To transition from sitting in a classroom being lectured to entering the professional workforce has a decent-sized learning curve. Students are faced with a massive life transition and have to make sense of brand-new expectations and different workloads. In response to this potentially tumultuous transition, Ball State offers professional experience and immersive learning courses from students’ first year to their final semester. Rather than applying for internships or part-time jobs, students can gather hard skills for their resume straight from their required classes.

In the College of Health, this may involve work in an on-campus clinic, organizing events, or performing research with a community business partner. This semester in the Exercise Science program, Professor Sarah Shore-Beck is instructing EXSC 305, where students develop personal training strategies, and then implement them in sessions with actual clients. In the past, this course was involved with clients from the Muncie community, but this year, the students are personal training Ball State faculty and staff.

The class itself is split into two parts: the first thirty minutes where students discuss and plan group warm-ups, and the final forty minutes where students individually personal train their clients. The course is very hands-on for the students, but the professor is never fully hands-off. Professor Shore-Beck closely monitors each student’s plan for their clients before they walk in the door.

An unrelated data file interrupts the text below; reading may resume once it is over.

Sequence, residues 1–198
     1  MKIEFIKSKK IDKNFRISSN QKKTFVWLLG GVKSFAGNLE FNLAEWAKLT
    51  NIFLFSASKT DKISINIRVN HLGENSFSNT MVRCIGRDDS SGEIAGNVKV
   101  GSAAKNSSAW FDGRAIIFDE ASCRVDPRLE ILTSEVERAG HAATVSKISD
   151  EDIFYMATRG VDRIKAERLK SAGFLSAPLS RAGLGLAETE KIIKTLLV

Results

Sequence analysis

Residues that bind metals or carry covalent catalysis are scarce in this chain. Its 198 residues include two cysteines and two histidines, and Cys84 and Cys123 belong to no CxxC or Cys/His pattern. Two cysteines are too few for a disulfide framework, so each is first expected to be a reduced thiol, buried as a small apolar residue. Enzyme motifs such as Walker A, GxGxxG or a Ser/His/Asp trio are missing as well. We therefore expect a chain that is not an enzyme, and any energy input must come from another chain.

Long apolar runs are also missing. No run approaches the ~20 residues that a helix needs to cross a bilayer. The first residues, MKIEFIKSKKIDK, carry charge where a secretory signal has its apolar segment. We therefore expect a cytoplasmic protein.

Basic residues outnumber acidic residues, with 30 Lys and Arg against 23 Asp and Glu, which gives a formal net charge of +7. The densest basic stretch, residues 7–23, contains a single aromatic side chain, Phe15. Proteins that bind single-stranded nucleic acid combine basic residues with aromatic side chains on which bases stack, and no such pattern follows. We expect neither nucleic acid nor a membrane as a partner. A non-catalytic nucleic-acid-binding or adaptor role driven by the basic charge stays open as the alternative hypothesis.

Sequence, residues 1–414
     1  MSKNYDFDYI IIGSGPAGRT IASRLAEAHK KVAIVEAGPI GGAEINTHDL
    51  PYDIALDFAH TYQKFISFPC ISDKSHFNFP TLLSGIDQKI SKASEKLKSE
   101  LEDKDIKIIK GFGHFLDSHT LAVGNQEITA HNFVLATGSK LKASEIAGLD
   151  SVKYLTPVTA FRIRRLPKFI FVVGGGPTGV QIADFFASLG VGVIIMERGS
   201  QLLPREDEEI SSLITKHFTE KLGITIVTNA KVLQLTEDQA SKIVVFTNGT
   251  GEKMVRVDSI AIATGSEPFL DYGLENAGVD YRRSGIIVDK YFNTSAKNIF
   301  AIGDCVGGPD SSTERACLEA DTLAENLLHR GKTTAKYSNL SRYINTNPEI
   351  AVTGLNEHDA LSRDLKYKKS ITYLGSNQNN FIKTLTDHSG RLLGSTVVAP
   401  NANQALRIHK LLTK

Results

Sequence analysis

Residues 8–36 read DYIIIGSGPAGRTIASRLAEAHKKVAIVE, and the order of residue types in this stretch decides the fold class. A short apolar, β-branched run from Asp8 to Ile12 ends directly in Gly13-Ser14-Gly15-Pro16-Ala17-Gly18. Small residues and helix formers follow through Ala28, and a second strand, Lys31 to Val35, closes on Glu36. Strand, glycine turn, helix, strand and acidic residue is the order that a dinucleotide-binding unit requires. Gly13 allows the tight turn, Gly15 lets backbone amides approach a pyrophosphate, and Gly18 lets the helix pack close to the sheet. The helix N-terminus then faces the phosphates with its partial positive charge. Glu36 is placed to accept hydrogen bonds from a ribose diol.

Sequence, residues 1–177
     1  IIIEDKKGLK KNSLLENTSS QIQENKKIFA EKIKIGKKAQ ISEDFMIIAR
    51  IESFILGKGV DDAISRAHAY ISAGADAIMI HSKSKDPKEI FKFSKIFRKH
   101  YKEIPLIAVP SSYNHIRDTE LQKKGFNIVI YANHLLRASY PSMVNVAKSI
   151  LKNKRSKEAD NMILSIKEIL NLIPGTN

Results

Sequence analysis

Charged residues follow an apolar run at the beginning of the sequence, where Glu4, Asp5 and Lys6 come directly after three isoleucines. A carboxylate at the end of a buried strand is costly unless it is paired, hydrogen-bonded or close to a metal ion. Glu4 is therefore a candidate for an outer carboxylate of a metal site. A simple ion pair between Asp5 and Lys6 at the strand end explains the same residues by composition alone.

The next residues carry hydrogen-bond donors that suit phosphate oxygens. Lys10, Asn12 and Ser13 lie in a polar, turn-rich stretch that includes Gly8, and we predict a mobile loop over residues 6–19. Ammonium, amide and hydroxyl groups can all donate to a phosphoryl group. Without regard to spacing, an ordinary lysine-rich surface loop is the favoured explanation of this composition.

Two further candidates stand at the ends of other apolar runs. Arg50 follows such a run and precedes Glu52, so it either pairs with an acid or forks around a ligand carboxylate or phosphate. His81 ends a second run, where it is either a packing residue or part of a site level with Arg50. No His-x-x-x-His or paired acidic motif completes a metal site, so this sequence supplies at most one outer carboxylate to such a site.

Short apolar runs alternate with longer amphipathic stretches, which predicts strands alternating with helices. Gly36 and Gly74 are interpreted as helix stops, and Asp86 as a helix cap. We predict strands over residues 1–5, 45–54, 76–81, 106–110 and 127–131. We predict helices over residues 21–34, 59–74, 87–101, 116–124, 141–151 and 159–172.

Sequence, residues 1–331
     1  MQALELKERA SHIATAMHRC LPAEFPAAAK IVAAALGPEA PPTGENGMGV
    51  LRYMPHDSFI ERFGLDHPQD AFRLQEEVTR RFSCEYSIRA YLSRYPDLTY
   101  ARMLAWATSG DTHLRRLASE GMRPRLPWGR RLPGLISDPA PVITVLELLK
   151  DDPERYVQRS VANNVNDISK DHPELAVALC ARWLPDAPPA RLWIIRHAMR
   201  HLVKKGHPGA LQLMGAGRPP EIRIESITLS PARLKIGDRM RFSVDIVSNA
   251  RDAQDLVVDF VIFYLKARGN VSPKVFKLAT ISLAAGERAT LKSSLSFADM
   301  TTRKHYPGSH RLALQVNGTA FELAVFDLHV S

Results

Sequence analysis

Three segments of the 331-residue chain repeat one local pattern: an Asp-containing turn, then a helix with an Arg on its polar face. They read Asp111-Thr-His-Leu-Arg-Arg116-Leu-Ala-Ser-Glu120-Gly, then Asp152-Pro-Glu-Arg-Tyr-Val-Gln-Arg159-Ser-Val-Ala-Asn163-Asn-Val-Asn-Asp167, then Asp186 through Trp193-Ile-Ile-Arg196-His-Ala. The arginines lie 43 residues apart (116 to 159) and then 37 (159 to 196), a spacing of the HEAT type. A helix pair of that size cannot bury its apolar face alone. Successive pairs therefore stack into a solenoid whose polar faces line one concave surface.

“I have a planned protocol,” Shore-Beck said. “They put exercises into that program based upon what they see their client needs, their weaknesses in certain areas, their limitations in certain areas. They program based upon their client’s needs, but the program’s structure is pretty much my own.”

Professor Shore-Beck teaches several application-based courses from the 100-level to the 300-level, preparing students from the start to have a leg-up in their career. She is able to see students grow into professionals and apply everything they learned to actual work in her application classes and in the graduate level.

“Watching their successes is invaluable,” she said. “We’ve really transformed our program and [made] it something that we feel like the students will utilize with not only a graduate degree, but just an undergraduate degree as well.”

The push for students to apply their skills reaches beyond Professor Shore-Beck’s class. Some students have to opportunity to teach free Campus Recreation fitness classes for people on campus and in the community. Through service-based learning courses and extracurricular opportunities, exercise students have a leg up on their chosen career pathways, whether it be personal training, physical therapy, coaching, and/or occupational therapy.